The faculty who agreed to be part of the pilot test for the CX5500 preferred the new addition to their classes.  The student experiences were overwhelmingly positive as well with comments like “when I first joined I thought I was in the wrong place because it was drastically different, in a very good way. The quality of the video is so much better. I also really liked how the camera system switched around to whoever in the room was talking. Having those multiple angles in the room really helped things. My feelings of belonging were much improved.”  Another student said “best classroom experience yet using (Z)oom!”  The Polycom CX5500 was here to stay and received many requests for classes over the next two years, sometimes resulting in conflicting requests.  The price point of the camera system was such that investing in a second one to remedy the occasional conflict did not make financial sense.  

Then in 2017, with conflicting requests occurring more frequently, an internet search resulted with the discovery of The Meeting Owl from Owl Labs.  This is a device with similar technology to the Polycom CX5500, listed at $799.  After a quick, impressive demonstration of the technology, the first Meeting Owl for K-State Olathe was ordered and put to use.  While the technology in both cameras is similar, including built in microphones, speakers, cameras, and being USB compatible, there are noticeable differences between the two.  The Polycom CX5500 is much more expensive, but the video (1080p vs 720p cameras) and audio quality (discussed in Best Practices section in terms of suggested seating radius) are also better than the Meeting Owl.  On the other hand, the functionality of the Meeting Owl with Zoom is better.  The Polycom CX5500 only shows a single active speaker window when used in Zoom; however, it does display a panoramic view of the room when used with Microsoft products Skype for Business and Teams. The Meeting Owl provides a panoramic view of the room and displays up to three active speaker panels to show more than one person in the room when multiple people are engaged in conversation.  In addition, it is compatible with both Windows and Mac OS devices whereas the Polycom unit only works on Windows operating systems.  Again, experiences were positive for those who used the Meeting Owl and Apple users when support staff at the Olathe campus requested feedback.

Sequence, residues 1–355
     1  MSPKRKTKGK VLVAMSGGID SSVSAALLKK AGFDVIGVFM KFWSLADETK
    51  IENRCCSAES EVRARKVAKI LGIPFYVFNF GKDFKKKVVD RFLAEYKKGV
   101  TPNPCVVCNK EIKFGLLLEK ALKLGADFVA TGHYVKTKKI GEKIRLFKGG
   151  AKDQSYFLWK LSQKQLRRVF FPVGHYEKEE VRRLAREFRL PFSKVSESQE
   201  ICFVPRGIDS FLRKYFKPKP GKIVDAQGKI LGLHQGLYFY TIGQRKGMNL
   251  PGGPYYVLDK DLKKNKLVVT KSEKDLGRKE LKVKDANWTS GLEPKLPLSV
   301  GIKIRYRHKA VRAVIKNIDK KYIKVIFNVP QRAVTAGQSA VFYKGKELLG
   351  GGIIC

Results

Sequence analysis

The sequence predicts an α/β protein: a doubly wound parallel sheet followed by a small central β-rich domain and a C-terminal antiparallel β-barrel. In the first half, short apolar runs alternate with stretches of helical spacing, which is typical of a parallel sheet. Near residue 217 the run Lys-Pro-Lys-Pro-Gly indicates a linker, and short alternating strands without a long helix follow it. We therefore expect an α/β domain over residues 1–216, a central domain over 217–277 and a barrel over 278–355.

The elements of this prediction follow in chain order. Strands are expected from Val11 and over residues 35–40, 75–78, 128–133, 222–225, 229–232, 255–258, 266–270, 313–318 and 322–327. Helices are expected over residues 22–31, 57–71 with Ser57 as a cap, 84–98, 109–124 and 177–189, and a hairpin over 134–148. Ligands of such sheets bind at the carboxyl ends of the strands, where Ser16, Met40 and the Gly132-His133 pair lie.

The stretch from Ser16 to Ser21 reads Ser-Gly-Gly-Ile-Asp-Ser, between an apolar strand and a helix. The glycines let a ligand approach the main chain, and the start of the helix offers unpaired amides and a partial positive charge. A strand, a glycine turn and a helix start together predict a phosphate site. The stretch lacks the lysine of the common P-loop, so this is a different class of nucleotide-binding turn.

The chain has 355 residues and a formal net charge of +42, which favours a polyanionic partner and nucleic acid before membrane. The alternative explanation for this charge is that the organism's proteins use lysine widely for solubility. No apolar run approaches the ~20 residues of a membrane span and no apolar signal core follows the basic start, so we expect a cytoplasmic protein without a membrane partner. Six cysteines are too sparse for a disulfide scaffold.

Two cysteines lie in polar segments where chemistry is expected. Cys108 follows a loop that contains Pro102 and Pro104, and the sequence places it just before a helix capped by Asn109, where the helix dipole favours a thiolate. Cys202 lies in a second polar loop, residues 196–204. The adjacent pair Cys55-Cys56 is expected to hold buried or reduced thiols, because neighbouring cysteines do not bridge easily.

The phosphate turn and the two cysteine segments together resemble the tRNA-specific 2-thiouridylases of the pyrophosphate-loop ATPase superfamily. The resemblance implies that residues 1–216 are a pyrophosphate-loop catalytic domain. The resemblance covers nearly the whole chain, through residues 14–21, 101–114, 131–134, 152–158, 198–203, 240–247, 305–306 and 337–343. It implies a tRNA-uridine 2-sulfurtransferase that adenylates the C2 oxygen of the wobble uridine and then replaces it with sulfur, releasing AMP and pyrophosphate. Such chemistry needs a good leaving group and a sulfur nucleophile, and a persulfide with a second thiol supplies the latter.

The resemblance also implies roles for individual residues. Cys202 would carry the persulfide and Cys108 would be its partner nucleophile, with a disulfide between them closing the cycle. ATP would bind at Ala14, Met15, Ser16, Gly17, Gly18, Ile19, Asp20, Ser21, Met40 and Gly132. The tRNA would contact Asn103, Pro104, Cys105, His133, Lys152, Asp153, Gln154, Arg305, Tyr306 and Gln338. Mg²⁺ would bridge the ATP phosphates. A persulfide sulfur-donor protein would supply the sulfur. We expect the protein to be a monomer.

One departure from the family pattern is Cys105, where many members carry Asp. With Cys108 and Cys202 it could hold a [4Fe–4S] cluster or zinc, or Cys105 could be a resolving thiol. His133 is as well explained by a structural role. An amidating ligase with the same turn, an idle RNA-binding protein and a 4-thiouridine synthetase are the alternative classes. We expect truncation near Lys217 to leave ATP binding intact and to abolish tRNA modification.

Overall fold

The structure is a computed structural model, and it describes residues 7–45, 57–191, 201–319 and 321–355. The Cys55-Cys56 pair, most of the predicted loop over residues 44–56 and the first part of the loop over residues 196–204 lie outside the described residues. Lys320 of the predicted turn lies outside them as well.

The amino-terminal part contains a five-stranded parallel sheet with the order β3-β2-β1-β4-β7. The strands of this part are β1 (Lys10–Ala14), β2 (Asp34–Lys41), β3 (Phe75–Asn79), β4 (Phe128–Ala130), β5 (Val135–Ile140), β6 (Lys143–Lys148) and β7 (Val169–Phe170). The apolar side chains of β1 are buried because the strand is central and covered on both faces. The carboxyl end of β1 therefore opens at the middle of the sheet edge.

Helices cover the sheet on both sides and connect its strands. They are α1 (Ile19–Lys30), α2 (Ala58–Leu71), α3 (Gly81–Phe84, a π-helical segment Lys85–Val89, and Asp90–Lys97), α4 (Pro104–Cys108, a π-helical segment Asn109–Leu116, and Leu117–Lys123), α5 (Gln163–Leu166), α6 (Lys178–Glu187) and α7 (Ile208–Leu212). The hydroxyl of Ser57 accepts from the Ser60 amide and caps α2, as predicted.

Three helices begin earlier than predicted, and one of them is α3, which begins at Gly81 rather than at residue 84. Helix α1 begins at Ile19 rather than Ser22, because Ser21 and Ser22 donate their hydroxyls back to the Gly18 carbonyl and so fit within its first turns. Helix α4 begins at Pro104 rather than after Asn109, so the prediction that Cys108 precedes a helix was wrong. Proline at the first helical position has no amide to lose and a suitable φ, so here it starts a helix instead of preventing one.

In Fall 2019, Owl Labs introduced the Meeting Owl Pro.  The Pro version, listed at $999, enhances video with a 1080p camera, and improved microphones and speakers.  K-State Olathe ordered one of the Meeting Owl Pros, but as of the writing of this article, it had not been used in a classroom setting.

Measuring Success